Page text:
In the 1990s, car manufacturers started figuring out how to protect the insides of vehicle fuel lines from the extra corrosiveness of ethanol blends, which is basically ethyl alcohol (moonshine!) mixed with gasoline.  By 2012, ethanol had busted into the mainstream, and most vehicle manufacturers now support up to 15% ethanol (E15).  To save money and get a cleaner burn in your vehicle, look for the E15 label on pumps at gas stations.  The added ethanol increases the octane, which is actually better for modern, more fuel-efficient engines.  Plus, the more ethanol mixed into gasoline, the fewer harmful, carcinogenic gases get released into the air around it All of this is why today most gasoline at the pump already has 10% ethanol in it.  You can choose higher blends if your vehicle is rated to use them.  Then it’s a matter of finding a local gas station where that blend is available to support your choice.  When you’re buying a family vehicle and want the option of using high blends of ethanol (E20-E85)ask to look at flex-fuel” options at your dealership Typically, a flex-fuel vehicle will have a yellow gas cap, indicating that you can safely use blends up to 85% ethanol, wherever you should find them.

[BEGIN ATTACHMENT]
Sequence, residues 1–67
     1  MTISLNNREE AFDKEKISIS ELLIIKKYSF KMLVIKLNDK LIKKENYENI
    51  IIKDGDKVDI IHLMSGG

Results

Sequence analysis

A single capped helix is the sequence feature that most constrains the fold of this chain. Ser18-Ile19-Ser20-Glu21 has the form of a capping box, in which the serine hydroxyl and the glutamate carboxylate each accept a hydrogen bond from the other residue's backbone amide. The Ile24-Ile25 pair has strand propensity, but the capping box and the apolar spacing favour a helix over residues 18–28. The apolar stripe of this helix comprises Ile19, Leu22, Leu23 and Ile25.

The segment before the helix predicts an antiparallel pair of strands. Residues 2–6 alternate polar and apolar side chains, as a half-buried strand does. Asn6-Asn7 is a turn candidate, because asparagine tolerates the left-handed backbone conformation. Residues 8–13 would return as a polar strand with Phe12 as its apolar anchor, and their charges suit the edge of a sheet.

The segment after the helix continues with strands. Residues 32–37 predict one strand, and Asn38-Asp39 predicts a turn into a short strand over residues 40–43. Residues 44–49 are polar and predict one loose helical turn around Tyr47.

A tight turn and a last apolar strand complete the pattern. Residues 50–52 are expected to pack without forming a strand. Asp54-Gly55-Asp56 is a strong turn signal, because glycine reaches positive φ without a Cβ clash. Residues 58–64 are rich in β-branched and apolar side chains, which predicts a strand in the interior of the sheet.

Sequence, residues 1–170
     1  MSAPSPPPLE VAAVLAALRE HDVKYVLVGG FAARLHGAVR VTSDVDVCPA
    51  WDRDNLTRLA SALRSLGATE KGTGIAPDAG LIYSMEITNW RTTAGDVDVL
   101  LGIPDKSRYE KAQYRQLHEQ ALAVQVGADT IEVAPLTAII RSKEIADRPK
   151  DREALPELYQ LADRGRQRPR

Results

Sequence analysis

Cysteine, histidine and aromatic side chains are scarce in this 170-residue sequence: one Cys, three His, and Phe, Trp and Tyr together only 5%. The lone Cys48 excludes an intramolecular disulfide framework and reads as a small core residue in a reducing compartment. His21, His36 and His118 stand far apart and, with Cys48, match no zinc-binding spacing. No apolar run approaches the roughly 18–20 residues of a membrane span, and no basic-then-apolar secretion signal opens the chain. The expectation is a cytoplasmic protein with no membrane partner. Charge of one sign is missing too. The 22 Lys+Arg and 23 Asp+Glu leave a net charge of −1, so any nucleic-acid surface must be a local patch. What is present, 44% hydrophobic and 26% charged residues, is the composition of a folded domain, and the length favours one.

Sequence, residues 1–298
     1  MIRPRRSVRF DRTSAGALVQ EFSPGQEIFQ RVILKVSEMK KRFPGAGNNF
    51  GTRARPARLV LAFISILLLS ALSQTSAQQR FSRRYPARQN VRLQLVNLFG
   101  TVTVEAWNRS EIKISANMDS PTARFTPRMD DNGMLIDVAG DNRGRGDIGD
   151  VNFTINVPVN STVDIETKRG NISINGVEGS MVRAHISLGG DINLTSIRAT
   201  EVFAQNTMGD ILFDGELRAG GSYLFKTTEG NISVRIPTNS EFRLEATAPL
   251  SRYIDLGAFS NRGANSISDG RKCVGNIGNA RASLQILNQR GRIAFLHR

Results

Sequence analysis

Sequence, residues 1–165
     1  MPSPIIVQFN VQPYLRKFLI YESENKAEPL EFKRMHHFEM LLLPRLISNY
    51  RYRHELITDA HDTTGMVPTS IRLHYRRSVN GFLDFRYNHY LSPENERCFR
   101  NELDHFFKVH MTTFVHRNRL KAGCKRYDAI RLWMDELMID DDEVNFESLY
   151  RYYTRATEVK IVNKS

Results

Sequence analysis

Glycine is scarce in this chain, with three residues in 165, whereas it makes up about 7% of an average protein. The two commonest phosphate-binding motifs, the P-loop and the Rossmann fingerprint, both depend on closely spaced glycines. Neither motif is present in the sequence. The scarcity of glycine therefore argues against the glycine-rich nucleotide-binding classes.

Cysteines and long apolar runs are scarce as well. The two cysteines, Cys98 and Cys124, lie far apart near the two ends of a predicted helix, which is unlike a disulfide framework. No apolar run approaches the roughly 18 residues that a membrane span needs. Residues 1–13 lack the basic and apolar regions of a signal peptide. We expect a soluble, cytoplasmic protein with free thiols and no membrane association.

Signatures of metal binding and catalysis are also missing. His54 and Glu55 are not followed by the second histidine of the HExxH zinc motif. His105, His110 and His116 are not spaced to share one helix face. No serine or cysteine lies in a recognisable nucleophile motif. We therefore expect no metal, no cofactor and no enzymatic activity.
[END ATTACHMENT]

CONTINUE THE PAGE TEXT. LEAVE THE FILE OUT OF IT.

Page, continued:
Biodiesel is another clean fuel option. It can be used in most diesel-fueled vehicles, and also supports the regional economy as a value-added farm product. It is a renewable fuel made from vegetable oils, primarily soybean and sometimes corn oil, but also from recycled cooking oil and waste fat. No, you can’t just pour the grease from your deep-fried turkey into your pickup. Just like petroleum, it has to be refined first, and biodiesel at the pump has excellent quality controlsMost diesel engines can use blends of biodiesel and petroleum diesel up to 20% (called “B20), which can be found at some area fuel stations. It’s also an easy drop-in fuel option for farming equipment, heavy-duty freight engines, and industrial work trucks. Fortunately for companies with large industrial fleets, fuel distributors are ready today to bring biodiesel or ethanol blends directly to industrial sites.